M. Méndez-Aróstegui, MSc
Harbour seal reproduction: disturbance, risk of pup abandonment, and side fidelity.
Taking seal pups in for rehabilitation when they are supposed to be abandoned by their mother has been a long standing practise in the Netherlands and other countries. Now that the seal populations have grown substantially the rehabilitation practise has become a matter of heated dispute. Questions are raised to what extent rehabilitation practise is needed or justified. Are the (inter)national criteria as established previously for taking pups in justified? How well is their development in captivity? What is the fate of the pups after release in the population? What is its effect on the population as a whole? Unfortunately, good research on these topics is lacking, especially for the Dutch Wadden Sea populations. Current reports are often flawed by unjustified assumptions not backed up by solid data. A few international publications from other populations (especially USA, Scotland and Canada) suggest that mothers may actually leave their pups for longer than the two hours after which pups should be taken in according to the above mentioned guidelines. Based on these uncertainties a project was started from the Sealcentre Pieterburen to gather relevant data for informed decision on when and how to rehabilitate seal pups. Apart from these applied aspects the project will also provide fundamental knowledge on mother-offspring relationships in a marine mammal.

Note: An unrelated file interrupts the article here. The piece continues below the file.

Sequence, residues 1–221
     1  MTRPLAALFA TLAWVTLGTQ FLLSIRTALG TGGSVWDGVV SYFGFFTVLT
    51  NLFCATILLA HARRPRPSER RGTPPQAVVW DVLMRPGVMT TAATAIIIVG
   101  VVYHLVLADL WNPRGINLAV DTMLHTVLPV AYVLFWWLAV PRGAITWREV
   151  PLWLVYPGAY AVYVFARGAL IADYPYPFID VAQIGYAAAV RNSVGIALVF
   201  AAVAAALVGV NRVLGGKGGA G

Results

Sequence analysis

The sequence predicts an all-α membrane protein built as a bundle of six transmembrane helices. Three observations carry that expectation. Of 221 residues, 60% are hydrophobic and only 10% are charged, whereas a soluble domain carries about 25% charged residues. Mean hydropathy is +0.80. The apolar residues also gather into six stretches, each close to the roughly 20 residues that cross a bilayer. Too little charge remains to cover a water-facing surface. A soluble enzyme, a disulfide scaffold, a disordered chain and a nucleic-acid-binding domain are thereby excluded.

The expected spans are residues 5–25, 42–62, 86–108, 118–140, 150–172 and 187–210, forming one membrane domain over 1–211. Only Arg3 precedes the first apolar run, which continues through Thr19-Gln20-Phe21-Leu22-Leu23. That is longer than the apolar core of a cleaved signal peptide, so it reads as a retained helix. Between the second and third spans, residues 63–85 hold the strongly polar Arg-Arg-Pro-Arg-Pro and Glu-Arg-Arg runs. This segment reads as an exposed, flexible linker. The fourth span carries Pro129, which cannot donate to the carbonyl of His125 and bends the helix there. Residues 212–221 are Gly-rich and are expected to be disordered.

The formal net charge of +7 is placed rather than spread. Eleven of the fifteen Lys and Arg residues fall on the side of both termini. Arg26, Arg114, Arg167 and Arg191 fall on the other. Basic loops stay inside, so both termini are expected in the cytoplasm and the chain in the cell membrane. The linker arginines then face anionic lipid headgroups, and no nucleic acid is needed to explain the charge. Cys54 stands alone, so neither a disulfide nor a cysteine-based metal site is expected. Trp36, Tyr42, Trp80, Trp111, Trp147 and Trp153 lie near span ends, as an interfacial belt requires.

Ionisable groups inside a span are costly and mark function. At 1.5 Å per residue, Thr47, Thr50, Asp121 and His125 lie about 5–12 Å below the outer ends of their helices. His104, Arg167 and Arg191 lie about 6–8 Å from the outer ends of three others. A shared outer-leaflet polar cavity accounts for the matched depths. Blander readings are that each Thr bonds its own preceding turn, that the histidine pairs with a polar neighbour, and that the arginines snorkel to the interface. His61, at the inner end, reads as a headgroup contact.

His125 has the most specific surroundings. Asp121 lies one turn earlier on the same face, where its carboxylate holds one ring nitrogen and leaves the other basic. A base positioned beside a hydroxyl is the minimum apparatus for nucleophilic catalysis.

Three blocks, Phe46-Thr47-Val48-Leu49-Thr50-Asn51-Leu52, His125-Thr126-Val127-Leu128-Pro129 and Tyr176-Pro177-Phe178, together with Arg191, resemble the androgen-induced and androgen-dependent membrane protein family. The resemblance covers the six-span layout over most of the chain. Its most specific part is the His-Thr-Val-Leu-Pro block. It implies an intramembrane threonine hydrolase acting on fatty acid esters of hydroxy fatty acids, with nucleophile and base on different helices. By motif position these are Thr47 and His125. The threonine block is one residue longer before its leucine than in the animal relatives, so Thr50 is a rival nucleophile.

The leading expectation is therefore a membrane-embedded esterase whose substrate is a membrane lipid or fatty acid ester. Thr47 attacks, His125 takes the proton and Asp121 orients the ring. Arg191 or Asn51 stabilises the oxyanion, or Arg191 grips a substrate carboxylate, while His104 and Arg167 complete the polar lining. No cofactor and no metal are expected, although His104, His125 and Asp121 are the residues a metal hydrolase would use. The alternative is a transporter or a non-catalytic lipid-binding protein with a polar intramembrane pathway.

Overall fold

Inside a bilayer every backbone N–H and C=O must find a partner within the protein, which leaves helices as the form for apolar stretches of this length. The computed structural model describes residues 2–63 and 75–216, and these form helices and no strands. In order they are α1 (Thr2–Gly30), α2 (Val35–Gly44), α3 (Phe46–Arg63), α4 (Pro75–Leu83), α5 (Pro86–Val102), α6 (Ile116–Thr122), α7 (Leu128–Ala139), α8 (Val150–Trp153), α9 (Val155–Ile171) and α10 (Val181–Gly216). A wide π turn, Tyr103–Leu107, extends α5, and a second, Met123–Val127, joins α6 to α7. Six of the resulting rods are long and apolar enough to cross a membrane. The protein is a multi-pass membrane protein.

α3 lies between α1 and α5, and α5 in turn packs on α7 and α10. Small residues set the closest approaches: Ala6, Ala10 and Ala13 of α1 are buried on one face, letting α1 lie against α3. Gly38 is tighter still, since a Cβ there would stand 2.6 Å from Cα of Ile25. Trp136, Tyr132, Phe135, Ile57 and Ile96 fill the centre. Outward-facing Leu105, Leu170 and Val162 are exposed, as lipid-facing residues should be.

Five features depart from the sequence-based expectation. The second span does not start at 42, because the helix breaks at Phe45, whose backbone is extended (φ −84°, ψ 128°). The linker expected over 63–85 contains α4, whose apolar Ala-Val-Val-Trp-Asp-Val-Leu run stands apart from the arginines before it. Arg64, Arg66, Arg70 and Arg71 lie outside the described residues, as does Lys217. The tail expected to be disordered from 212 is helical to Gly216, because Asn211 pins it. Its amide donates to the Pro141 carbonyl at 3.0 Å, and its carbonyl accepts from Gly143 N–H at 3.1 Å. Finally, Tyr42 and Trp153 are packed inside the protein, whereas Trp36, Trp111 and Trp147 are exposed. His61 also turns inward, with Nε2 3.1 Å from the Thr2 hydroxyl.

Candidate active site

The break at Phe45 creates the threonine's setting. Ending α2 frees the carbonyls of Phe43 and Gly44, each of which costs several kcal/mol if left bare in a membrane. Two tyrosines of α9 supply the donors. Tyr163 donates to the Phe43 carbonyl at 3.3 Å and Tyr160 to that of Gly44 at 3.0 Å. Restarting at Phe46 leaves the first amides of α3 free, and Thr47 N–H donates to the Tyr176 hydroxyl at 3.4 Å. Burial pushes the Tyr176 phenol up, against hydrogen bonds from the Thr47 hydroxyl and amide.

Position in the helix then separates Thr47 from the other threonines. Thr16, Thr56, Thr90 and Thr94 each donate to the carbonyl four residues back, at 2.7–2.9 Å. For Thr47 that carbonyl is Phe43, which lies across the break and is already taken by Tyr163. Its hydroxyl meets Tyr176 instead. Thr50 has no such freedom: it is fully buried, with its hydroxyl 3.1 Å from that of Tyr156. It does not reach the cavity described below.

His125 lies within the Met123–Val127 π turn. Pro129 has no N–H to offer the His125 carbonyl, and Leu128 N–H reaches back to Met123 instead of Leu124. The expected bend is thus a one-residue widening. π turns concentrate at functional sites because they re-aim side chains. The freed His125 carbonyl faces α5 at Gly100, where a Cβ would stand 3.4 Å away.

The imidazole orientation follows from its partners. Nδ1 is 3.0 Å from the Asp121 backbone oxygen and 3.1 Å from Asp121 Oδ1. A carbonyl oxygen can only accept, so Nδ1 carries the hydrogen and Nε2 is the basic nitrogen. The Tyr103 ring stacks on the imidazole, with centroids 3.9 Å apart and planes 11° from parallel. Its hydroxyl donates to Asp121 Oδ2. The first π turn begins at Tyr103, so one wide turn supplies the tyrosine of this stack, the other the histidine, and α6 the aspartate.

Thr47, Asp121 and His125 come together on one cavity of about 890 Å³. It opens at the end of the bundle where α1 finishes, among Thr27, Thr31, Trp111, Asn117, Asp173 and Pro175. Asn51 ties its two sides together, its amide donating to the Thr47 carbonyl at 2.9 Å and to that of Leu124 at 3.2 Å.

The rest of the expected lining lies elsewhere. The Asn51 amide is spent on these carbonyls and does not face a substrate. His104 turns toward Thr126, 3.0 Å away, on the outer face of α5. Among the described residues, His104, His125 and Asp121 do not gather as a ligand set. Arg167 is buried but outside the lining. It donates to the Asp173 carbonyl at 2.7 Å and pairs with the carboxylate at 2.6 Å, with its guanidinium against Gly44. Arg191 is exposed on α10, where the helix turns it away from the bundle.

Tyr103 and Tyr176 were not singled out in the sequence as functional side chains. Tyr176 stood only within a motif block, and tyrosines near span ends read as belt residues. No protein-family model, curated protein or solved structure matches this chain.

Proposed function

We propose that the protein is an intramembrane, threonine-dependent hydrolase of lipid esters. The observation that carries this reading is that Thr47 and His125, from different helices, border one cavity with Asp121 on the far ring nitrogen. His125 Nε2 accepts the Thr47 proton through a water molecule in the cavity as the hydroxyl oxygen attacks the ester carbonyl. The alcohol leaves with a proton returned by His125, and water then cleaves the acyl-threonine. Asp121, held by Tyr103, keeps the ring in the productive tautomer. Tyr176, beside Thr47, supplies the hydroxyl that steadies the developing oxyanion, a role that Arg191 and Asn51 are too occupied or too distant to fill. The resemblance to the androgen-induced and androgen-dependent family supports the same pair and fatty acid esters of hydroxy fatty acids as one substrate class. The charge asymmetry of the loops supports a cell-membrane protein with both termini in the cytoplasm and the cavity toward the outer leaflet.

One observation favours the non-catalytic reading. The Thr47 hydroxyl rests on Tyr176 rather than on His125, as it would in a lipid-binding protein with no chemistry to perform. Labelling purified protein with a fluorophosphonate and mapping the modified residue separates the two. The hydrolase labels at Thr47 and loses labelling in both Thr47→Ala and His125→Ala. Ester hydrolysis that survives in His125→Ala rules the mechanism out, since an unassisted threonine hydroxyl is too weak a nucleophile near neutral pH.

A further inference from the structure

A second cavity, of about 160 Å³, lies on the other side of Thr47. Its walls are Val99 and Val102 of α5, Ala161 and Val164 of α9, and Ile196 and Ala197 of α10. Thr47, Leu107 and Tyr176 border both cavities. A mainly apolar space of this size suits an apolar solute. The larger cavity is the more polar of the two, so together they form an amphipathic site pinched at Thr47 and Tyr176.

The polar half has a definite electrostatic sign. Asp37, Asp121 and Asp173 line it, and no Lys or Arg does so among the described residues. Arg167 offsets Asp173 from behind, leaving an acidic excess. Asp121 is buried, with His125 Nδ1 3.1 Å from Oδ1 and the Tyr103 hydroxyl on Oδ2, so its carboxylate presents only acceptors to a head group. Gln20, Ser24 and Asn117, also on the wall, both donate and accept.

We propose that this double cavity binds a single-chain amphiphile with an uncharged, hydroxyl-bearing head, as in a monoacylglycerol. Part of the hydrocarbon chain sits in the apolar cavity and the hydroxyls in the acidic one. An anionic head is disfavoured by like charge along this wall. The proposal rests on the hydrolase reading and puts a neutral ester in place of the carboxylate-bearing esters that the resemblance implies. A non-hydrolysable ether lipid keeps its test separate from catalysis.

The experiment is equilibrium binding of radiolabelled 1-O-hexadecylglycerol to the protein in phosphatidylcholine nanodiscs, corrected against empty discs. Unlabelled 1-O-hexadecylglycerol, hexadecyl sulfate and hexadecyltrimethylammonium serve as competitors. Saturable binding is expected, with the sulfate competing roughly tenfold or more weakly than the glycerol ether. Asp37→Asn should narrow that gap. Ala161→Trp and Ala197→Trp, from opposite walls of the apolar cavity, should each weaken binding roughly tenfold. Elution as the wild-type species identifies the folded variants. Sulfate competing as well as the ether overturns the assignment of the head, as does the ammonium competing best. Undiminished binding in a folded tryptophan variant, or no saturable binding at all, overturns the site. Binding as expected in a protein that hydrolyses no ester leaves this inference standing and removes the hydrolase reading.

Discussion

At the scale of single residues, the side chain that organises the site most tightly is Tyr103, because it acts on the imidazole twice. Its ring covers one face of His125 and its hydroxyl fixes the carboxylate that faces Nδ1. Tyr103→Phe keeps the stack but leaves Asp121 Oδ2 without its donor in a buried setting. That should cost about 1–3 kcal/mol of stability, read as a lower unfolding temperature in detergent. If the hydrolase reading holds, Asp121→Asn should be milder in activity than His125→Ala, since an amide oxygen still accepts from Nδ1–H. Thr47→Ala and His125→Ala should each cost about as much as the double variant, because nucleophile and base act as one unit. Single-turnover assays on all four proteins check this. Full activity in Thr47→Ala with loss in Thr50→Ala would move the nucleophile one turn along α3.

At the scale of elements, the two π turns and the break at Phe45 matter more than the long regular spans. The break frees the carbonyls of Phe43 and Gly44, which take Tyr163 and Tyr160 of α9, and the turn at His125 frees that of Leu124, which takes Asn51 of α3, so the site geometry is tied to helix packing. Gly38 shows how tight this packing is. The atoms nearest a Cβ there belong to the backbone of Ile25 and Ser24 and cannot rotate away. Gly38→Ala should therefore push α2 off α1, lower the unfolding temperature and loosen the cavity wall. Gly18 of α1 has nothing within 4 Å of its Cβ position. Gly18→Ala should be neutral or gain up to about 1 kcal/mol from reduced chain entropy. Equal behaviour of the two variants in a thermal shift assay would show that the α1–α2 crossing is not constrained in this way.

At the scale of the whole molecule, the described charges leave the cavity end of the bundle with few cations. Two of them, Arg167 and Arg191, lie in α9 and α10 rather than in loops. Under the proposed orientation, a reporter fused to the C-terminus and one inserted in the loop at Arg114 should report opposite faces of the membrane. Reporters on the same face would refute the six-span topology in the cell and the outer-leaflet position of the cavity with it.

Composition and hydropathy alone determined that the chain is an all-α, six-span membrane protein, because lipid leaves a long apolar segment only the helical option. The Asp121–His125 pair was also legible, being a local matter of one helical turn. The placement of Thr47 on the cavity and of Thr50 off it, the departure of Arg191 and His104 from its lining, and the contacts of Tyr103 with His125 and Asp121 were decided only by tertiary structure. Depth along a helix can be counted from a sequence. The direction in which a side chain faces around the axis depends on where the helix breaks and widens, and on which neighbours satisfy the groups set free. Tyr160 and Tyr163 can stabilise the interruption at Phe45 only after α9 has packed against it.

The required data needs intense field observations, for which a unique location was found in the Dollard where the mothers give birth and nurse their pups very close to the dike. Groninger Landschap supports the project and established an observation wall on 2008 that helped for detailed observations and involving the public into this research.
The project will focus on the debate on rehabilitation practise: time patterns that mother and pups spent alone or together, consequences of being left alone, and some risk factors for abandonment. As for the observations of both theses individual recognition of the animals is crucial but very difficult for unmarked animals, a method was developed to accurately recognize individual pups and mothers based on their individual natural pattern of coloration, for which special software was used. This will be part of this thesis too. The intended chapters will therefore be:
- General introduction.
- Photo identification as a method to recognize individual adults and pups for long term research without marking.
- When does a seal pup being alone indicate abandonment by the mother: consequences for pup rehabilitation policy.
- Inter year site fidelity of harbour females during the breeding season in the Dollard estuary.
- Effect of auditory and visual disturbances on harbour seal mothers and pups and the risk of pup abandonment.
- General discussion.
|Last modified:||26 January 2020 09.01 a.m.|